we as readers were right to reply, ‘I’ll be the judge of that!’
Yeats warned that “all that is personal soon rots; it must be packed in ice and salt”, and at least Stranger, Baby exhibited some continuing faith in the traditional poetic preservatives. Not so in Berry’s new collection, Unexhausted Time, which manifests precisely a kind of poetic exhaustion. It’s there in the overdone imagery – “the smashed face of the moon”; “her mouth glowing red and crisp / like the dying end of a cigarette”; “the wind riffles through the chapters / of my life” – which oddly resemble cribs from the lyric sheet of my sixth-form emo band.
And it isn’t a case of the odd misjudged line. There are whole rambling passages of banality striving for revelation:
There is something shocking
about a family, the way they gather together,
all looking the same. The way they don’t gather
together. At the back of the house the lawn
stretched out like a sheet, as if flung by the rockery.
There was a shed in which children conducted
Most of all, in Unexhausted Time, which lacks the curiosity and mischief of Dear Boy and the psychological tension of Stranger, Baby, we see the full flowering of the speaker’s tendency towards ‘infinite interiority’. The compulsion to foreground the unpleasant or awkward, which was piquant in the mix of Dear Boy, has here become bland through overuse. And much more so than in Stranger, Baby, though it may be trivially true that the various ‘I’s are differently positioned, any potential subtleties of focalisation are nullified by the sameness of the tone. Most of Unexhausted Time is prosaic and emotionally uniform, a mutually reinforcing recipe for listlessness exhibited in desultory micro-stories of hopelessness and failure:
Oh, once I was a seed
but when my shell split open I pinched
the tiny sprout until it withered away
We waited hours to be seen,
and then we were turned away.
And true to Berry’s habit, these exhibitions of wretchedness are also then remarked upon, though drawing attention to the ugliness of one’s misery is of course just another way of commodifying it:
Melancholic people are repugnant.
It’s interesting how the poet keeps saying
that life is full of grief, grief, grief.
No doubt some abstract stimulation could be wrung from all this. We could say that, just as the confessional mode of Stranger, Baby blurred the roles of reader and therapist, the reader of Unexhausted Time has now become the mirror before which the poetic selves conspicuously languish. It’s still an exhilarating space for anyone acquainted with theory, and the ‘application’ of Julia Kristeva’s theory of abjection to Unexhausted Time is someone’s field-day-in-waiting.
When her attention is directed outwards towards other, autonomous lives, she enters into conversation with them and discovers that in doing so both the self and the grounds for lyric poetry are re-established
But there’s no honest way to avoid this collection’s weakness, and the main reason why Unexhausted Time marks such a regression from Stranger, Baby is because here language itself is explicitly disenchanted:
Writing was a mist rising off my life, that’s all.
I don’t know why you care so much about / other people’s poetry.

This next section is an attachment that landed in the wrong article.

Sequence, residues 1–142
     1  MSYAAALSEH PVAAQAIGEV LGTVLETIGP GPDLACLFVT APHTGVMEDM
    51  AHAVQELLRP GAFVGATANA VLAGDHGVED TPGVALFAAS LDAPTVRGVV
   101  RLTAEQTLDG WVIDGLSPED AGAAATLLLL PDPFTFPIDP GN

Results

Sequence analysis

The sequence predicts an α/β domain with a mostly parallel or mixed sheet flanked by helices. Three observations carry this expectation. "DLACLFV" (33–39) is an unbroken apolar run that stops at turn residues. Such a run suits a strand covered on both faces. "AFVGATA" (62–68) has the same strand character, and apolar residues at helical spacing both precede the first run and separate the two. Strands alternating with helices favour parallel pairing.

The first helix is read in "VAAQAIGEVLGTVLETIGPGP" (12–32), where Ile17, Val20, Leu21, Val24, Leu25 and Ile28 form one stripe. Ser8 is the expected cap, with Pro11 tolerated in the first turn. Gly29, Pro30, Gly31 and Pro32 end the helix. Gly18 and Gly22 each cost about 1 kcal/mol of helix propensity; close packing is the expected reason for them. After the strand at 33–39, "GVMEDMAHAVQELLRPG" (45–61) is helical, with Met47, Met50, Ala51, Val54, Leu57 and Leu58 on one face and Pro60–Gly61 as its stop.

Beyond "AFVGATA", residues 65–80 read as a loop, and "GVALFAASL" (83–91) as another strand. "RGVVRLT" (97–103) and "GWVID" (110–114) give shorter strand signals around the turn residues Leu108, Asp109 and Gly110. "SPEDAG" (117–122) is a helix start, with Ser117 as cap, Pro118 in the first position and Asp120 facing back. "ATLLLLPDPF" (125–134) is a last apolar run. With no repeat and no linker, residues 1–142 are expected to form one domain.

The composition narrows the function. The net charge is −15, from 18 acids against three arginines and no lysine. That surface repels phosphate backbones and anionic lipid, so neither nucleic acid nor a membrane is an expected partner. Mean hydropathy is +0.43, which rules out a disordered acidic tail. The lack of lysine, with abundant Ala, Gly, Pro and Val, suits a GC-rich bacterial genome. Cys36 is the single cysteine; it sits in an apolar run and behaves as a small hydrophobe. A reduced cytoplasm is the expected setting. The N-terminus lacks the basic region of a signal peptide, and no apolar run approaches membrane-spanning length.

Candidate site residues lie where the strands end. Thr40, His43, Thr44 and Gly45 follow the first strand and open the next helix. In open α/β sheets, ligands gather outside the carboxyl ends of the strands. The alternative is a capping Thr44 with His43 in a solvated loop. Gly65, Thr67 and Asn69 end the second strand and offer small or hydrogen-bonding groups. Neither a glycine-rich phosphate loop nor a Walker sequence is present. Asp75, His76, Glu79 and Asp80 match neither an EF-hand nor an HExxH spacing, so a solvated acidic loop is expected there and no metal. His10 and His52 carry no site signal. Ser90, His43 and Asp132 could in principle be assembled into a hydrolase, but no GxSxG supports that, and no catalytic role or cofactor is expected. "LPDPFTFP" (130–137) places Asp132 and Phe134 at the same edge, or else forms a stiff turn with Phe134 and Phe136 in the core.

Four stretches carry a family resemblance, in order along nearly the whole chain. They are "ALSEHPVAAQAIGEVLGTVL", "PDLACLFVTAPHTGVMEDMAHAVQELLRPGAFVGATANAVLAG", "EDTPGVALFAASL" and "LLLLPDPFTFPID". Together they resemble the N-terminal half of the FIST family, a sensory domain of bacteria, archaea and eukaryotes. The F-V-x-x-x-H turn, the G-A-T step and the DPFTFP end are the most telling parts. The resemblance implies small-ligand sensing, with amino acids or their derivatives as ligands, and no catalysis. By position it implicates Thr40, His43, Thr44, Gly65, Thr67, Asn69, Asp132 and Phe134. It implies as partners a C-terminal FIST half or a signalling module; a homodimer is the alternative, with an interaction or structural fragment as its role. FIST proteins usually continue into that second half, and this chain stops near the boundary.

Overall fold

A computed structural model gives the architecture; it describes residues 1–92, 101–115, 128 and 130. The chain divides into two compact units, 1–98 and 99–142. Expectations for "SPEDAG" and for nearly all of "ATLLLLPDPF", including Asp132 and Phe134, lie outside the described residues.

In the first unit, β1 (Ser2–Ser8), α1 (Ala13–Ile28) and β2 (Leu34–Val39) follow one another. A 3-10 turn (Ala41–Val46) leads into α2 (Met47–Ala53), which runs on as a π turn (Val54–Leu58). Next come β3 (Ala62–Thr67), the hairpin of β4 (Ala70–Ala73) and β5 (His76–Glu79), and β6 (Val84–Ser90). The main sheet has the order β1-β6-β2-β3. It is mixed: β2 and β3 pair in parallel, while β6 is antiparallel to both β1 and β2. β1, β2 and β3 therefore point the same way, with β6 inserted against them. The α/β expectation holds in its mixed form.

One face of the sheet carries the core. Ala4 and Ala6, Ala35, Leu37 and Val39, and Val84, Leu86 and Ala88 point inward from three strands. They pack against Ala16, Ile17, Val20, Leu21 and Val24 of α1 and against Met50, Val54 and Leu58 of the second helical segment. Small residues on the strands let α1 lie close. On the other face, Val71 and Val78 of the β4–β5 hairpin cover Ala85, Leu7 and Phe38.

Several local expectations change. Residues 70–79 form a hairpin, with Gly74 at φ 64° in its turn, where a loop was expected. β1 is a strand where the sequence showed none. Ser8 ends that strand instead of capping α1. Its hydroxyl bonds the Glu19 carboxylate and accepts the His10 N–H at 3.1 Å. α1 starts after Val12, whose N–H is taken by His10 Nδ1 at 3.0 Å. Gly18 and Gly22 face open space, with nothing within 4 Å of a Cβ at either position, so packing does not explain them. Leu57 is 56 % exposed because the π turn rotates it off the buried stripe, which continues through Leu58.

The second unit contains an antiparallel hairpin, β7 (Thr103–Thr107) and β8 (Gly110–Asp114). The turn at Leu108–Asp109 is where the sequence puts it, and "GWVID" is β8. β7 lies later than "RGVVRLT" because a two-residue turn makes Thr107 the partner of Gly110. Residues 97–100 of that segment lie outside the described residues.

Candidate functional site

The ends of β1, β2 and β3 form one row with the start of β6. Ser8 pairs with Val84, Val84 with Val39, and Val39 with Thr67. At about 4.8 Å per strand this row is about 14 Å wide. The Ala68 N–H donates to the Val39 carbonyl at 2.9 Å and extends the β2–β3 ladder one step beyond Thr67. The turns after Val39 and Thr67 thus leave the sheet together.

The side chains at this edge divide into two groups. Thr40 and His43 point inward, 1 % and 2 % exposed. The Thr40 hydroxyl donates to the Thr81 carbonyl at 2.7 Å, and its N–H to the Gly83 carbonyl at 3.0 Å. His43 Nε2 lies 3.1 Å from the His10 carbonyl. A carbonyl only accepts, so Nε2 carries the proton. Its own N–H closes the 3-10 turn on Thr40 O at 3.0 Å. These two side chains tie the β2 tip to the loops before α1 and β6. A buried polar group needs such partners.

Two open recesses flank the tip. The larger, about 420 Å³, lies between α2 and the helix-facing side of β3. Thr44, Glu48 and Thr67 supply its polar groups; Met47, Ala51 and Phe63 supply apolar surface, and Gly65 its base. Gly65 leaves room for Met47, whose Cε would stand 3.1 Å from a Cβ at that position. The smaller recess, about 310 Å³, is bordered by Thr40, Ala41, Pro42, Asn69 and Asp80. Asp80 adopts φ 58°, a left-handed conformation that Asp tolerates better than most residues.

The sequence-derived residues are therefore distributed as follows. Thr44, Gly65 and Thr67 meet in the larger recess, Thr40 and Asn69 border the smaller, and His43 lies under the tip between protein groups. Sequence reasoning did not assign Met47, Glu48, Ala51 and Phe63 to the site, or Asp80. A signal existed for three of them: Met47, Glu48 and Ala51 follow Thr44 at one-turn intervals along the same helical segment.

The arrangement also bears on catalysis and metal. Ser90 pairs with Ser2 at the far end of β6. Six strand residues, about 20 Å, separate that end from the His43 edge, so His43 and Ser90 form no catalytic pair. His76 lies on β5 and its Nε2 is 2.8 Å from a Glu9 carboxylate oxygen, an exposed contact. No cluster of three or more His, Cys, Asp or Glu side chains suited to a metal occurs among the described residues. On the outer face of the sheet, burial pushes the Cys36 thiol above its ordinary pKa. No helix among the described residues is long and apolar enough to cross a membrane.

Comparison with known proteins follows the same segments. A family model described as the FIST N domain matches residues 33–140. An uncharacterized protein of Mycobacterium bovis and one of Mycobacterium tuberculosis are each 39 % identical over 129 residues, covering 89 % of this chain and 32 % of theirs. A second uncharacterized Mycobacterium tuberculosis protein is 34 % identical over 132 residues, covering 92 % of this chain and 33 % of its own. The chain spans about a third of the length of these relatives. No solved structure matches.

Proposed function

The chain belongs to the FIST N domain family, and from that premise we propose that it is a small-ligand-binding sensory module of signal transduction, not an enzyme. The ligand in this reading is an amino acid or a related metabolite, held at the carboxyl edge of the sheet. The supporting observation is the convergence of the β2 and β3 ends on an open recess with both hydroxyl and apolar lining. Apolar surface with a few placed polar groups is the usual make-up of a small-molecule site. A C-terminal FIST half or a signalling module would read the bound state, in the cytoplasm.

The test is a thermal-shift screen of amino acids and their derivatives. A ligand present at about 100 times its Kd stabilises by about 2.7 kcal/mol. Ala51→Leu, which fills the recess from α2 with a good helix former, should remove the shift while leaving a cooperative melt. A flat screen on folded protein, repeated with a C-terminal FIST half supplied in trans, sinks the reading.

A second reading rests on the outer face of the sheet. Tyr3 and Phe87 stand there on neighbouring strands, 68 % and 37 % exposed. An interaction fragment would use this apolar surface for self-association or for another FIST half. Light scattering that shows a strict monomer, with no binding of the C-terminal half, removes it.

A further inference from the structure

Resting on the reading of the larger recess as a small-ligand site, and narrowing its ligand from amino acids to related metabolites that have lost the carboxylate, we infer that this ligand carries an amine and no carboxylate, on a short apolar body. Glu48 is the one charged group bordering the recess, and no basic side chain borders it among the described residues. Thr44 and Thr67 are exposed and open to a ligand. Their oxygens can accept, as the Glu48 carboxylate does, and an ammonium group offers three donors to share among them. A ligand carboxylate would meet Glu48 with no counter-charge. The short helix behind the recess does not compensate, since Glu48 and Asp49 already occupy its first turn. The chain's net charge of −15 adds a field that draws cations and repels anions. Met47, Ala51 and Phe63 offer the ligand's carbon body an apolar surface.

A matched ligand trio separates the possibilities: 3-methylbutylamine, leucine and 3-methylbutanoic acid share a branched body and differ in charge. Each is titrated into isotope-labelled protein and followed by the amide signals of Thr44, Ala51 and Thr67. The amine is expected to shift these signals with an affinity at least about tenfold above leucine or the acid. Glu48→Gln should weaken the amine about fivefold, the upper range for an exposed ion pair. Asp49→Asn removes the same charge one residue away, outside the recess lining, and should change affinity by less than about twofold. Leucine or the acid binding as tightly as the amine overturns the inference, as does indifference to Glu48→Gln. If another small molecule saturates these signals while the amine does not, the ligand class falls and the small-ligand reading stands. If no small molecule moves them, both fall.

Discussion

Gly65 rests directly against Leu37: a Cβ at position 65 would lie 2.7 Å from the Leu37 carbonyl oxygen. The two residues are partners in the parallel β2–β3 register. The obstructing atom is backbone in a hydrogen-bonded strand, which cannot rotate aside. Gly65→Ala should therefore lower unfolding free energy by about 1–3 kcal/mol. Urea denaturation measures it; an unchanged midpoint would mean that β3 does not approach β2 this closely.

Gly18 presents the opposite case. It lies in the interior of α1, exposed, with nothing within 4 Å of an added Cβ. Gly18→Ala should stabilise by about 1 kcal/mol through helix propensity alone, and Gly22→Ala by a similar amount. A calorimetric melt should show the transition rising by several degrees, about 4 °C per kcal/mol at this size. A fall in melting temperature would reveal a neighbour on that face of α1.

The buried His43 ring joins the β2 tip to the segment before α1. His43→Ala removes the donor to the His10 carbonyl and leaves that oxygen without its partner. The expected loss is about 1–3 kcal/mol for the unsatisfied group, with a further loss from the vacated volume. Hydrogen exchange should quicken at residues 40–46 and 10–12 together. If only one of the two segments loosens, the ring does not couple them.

Reading this, and leaving theory out of it – can we, please? – we’re entitled to ask the most basic question: why would people read poems by a poet who repeatedly gestures towards having given up on poetry? A poet who can put forward for publication something like ‘Fish Tank’, reproduced here in full:
Once I watched a woman in a fish tank
shitting directly into a tortoise’s mouth. It
was meant to be some kind of spectacle. She
was invited to do it and was very happy to,
and the tortoise was happy to eat.
I don’t know whether this poem makes me feel more like the spectator or the tortoise, but I’m unhappy either way. Compare it with Berry’s other tortoise poem, the charming ‘Hermann’s Travelling Heart’ from Dear Boy, to appreciate just how far things have deteriorated.
And yet … A couple of poems in Unexhausted Time do find release, for both the narrative persona and the reader, in engagement with the world beyond the masochistic ego. In ‘Dream of a Dog’ the animal’s “stomach rises pale and / softly furred”, “her ribcage / strung like an archer’s bow”, and the tone is for once gentle, undemonstrative and open to outside impressions. ‘(Late spring evening)’, meanwhile, centres on a quiet epiphany that chimes a perfect pitch between resignation and a wisdom within reach of joy.
It is something to see a heron in sunlight,
or the way a duckling stands and stretches itself
tall. There is no other life, but there are so
In the context of what’s otherwise a difficult book to admire, it seems important to note that moments like these don’t just look good by comparison but actually hint at a mature voice exceeding in emotional depth anything presented in Berry’s earlier collections. When her attention is directed outwards towards other, autonomous lives, she enters into conversation with them and discovers that in doing so both the self and the grounds for lyric poetry are re-established.
Steven Lovatt is a writer based in Swansea. He is a member of the International Literature Showcase, run by the British Council and the UK National Writing Centre, and his book Birdsong in a Time of Silence has been longlisted for the Wainwright Prize.